The Reds begin their second half run tonight with Mike Leake sixty feet from home in Yankee Stadium. I wanted to look back and update some of the topics we’ve discussed in this Friday morning column.

In Throwing Smoke we discussed how fastball velocity stabilizes early in the season and can be a predictor of future success. Here is the key chart from that article:


And here we are at the halfway mark:

Name Fbv 14
Cueto 92.9
Simon 93.7
Bailey 94.2
Latos 90.5
Cingrani 91.2
Leake 91

Three notable takeaways on this updated table:

First, fastball velocity does appear to stabilize early in the season. Alfredo Simon’s change in fastball speed (-0.6 mph) is the largest change in the entire table. Aside from this, Cueto’s improvement (+0.5) mph is the second largest change in fastball velocity. Largely, the fastball you bring to opening day is the fastball you’ll have at the All-Star Break.

Second, Simon’s decline in fastball velocity is concerning. For several reasons, including weather and strength, pitchers generally improve their fastball velocity as the season progresses. From fangraphs, average league FBv is 91.5 mph, but finishes the season at 92.3 mph. Since Simon is quickly reaching his recent high water mark for innings pitched, its important we keep tabs on his fastball velocity.

Third, As you can see from Cingrani’s early numbers, low FBv can be an indication of an injury. Mat Latos is the other pitcher on this list that is posting an unusually low fastball velocity. Over six starts, his fastball velocity is down two MPH (90.5) from last year (92.5). On every pitch, Mat Latos is throwing at career-low speeds (well, there is one exception: his changeup is faster than last year. I’m not sure that’s either relevant or a good thing).

Latos is also posting his highest career contact rate, up almost 3% from last year. His swinging strike percentage has dropped off this year (7.5%) from last year (10.3%). I hope he rested over the All-Star break and comes back with the old fire he had last year because he has won the lottery with BABIP (.188). No matter what you think about BABIP, we can all agree that number can’t last forever.

In Walks Will Haunt we broke down why the Reds starters were off to a slow start. It turned out the starting five was struggling with their location. At the time, the Reds were walking 3.97 BB/9 (14.7% BB rate). We predicted that number would decline back to a normal rate.

At the halfway mark in the season, the Reds entire pitching staff is posting a 3.01 BB/9 (11% BB). This is still higher than the 2013 Reds (2.66 BB/9, 9.8% BB), but is still good for middle of the league (14th overall in walk percentage).


In Right Down K Street we talked about the “age of the pitcher.” Over the past decade, pitchers have started throwing harder. This has contributed to the historically low run-scoring environment in MLB today.

In early April, the league was averaging 91.6 MPH FBv. Starters were throwing at 91.3 (28% K) while relievers were averaging 94 MPH (34.6 K%).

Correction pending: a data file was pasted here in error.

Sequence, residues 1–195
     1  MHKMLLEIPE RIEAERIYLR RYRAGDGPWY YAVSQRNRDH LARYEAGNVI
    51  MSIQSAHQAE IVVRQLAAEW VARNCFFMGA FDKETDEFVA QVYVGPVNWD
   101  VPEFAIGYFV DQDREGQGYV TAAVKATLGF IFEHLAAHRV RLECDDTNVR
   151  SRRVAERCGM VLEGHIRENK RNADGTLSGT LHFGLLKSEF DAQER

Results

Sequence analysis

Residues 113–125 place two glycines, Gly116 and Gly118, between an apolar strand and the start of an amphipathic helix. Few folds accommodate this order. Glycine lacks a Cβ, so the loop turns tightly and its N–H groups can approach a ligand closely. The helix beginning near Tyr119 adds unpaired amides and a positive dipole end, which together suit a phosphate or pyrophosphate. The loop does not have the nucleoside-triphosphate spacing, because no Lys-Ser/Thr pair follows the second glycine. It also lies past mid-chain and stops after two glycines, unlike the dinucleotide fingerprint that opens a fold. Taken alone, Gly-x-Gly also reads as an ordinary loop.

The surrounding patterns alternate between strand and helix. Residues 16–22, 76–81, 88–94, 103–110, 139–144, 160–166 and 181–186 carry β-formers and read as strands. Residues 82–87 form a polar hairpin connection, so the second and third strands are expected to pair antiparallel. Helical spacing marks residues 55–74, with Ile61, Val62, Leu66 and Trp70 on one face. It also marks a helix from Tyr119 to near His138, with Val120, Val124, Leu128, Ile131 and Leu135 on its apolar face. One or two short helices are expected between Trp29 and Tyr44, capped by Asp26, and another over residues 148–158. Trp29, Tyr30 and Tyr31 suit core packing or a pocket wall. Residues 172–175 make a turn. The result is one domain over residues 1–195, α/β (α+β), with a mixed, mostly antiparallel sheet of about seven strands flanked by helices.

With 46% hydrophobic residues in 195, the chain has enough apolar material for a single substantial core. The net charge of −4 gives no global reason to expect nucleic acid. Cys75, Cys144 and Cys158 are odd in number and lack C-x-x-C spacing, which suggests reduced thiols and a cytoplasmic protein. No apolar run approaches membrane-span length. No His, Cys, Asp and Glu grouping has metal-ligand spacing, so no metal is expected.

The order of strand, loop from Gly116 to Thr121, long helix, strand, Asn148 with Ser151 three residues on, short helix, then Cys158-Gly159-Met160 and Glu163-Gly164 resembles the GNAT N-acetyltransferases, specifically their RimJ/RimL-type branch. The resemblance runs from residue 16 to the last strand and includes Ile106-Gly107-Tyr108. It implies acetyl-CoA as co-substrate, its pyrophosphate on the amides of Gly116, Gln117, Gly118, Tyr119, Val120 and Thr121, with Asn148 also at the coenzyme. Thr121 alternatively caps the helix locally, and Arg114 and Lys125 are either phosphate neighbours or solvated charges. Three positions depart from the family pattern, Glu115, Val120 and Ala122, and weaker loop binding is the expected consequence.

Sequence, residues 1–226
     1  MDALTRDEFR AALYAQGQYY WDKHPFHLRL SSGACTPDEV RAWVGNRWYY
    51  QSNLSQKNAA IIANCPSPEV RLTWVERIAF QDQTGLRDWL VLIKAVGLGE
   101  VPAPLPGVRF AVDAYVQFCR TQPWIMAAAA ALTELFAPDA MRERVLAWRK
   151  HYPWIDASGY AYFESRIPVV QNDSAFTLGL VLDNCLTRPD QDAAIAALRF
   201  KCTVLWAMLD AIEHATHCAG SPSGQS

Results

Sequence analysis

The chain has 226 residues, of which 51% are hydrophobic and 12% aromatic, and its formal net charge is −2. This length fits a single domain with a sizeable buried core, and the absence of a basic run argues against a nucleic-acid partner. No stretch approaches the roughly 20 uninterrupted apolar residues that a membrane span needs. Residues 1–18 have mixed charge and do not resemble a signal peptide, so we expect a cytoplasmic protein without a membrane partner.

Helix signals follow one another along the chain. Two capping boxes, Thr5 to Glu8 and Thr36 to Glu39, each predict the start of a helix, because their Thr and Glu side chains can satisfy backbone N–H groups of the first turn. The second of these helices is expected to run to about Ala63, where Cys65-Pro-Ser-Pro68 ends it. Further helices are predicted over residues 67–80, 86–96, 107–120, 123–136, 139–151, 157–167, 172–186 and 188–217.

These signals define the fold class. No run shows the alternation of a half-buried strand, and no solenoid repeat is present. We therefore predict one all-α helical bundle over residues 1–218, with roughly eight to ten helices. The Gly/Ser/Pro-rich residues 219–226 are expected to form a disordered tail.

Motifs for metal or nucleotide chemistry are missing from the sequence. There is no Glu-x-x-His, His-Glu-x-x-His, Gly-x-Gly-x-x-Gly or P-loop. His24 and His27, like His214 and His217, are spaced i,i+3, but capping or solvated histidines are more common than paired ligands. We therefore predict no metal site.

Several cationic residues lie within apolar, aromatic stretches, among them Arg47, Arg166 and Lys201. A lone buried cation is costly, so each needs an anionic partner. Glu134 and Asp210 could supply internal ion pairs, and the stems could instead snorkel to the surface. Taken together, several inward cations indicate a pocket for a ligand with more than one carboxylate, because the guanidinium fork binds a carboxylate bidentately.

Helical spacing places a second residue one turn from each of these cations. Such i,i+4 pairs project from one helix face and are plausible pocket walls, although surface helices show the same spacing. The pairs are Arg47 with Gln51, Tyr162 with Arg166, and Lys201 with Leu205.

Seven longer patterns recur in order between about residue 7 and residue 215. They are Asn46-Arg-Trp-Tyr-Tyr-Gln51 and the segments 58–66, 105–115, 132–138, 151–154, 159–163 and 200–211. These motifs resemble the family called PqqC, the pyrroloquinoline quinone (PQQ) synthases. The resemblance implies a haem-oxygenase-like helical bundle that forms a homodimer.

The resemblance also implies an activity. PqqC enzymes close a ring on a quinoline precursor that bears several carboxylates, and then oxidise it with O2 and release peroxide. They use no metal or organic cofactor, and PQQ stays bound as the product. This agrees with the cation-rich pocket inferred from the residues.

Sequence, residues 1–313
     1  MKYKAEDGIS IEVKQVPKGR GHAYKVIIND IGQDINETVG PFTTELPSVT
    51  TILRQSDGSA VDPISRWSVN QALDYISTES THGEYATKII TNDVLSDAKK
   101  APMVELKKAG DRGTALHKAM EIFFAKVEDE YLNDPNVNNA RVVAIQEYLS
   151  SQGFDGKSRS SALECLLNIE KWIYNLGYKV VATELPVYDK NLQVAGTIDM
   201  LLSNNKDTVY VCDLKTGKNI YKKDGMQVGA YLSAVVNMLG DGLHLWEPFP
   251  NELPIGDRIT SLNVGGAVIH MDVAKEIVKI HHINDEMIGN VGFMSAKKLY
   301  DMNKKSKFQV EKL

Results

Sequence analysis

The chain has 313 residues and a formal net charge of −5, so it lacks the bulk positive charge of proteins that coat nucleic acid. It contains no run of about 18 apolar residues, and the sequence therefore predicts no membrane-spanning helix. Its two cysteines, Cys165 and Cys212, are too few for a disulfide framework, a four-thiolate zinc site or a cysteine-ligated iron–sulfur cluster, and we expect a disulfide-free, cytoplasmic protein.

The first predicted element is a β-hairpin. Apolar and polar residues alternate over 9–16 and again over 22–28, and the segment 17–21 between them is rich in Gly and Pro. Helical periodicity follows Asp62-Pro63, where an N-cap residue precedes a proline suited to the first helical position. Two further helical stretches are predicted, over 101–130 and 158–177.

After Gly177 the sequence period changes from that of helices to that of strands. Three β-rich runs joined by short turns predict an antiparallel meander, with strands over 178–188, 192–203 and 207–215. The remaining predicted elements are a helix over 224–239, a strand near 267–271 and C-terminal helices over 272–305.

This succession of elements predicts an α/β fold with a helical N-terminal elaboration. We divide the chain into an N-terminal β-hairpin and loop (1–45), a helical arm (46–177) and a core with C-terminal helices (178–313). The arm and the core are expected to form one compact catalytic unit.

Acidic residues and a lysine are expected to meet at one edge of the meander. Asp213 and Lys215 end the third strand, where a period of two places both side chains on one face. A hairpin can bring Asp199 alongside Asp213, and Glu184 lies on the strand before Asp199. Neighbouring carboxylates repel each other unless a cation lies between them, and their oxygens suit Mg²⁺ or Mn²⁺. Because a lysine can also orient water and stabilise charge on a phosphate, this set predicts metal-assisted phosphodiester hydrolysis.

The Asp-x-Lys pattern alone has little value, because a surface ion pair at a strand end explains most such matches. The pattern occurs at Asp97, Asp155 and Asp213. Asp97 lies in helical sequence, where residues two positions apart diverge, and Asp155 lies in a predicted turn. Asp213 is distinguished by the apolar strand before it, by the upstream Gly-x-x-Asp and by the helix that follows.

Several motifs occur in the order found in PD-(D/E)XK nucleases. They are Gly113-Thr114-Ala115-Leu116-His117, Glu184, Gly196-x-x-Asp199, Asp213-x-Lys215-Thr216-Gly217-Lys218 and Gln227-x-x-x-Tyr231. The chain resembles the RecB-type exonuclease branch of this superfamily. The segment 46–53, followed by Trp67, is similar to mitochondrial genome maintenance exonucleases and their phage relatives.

At the halfway point, the league is up to 91.7 FBv and 28.5 K%. Starters have maintained their early numbers 91.3 FBv, (27.2 K%) while relievers have seen their strikeout numbers drop off slightly (31.1 K%).

Overall: Strikeout numbers are higher than last year, so the balance of power between hitters and pitchers continues to shift in favor of pitchers.

In Who Ya Gonna Call? we discussed relief pitcher leverage. A few weeks into the season, Sam LeCure was Brian Price’s “relief weapon of choice.”

gmLI exLI
Sam LeCure 1.6 1.35
Jonathan Broxton 1.51
Manny Parra 1.38 1.14
Logan Ondrusek 1.34 1.31
J.J. Hoover 1.32 1.4
Nick Christiani 0.66 0.52
Trevor Bell 0.62 0.97
Sean Marshall 0.59 0.42

So who has Brian Price turned to in times of need? Here are the updated numbers (For simplicity, I removed a few pitchers who saw only a few innings):

Name gmLI exLI
Nick Christiani 0.62 0.44
Trevor Bell 0.62 0.97
J.J. Hoover 0.9 0.91
Logan Ondrusek 1.09 1.05
Sam LeCure 1.16 1.62
Jumbo Diaz 1.31 1.58
Manny Parra 1.52 1.59
Jonathan Broxton 1.65 1.81
Aroldis Chapman 1.92 1.84

Just a refresher: gmLI is how dangerous the situation is when the pitcher enters the game, “exLI” is how dangerous the situation is when the pitcher leaves the game. From this table, Chapman gets the call when the game is on the line (although this is not surprising given his role as the closer).

Since the beginning of the season, LeCure and (thankfully) Ondrusek have not seen as many dangerous situations; their roles filled in by Diaz, Parra, and Broxton. No surprises here: Hoover, Christiani, and Bell are not on our roster to put out fires.

In Hoover-ville we looked at J.J. Hoover’s disastrous beginning of the season. The bottom line: Hoover was unlucky (.345 BABIP) and walked too many batters (34% BB).

In the past two months, Hoover’s numbers in these areas have returned to normal. In May, his BABIP was .263 and only walked 16% of batters (still not great, but an improvement). In June, those numbers were .222 and 15%. The feeling around here is that Hoover was finally starting to turn the corner, and these numbers indicate he has overcome his early season demons. He still is plagued by a ridiculous 13.6 HR/FB rate (almost double his career rate), but his K% (39.1) is keeping him in games. He is heading the right direction.

Finally, we looked at swinging strike rates in the creatively named Swinging at Strikes. This was published under a month ago, so an update doesn’t seem all that helpful. That article looked at relievers, so let’s take a look at our starters’ numbers.


Here is where I wander into the treacherous territory known as “writing about Homer Bailey.” He has a high O-Swing%, low Z-Swing%, and the lowest contact rate of our starting pitchers. His BB% (7.6) is a little high, but not awful (for reference, Cueto, 6.2; Simon, 6.0). Yet his BABIP (.312) is not exactly doing him any favors. For a refresher, O-Swing% is how often batters swing at pitches outside the zone while Z-Swing% is how often batters swing at pitches inside the zone.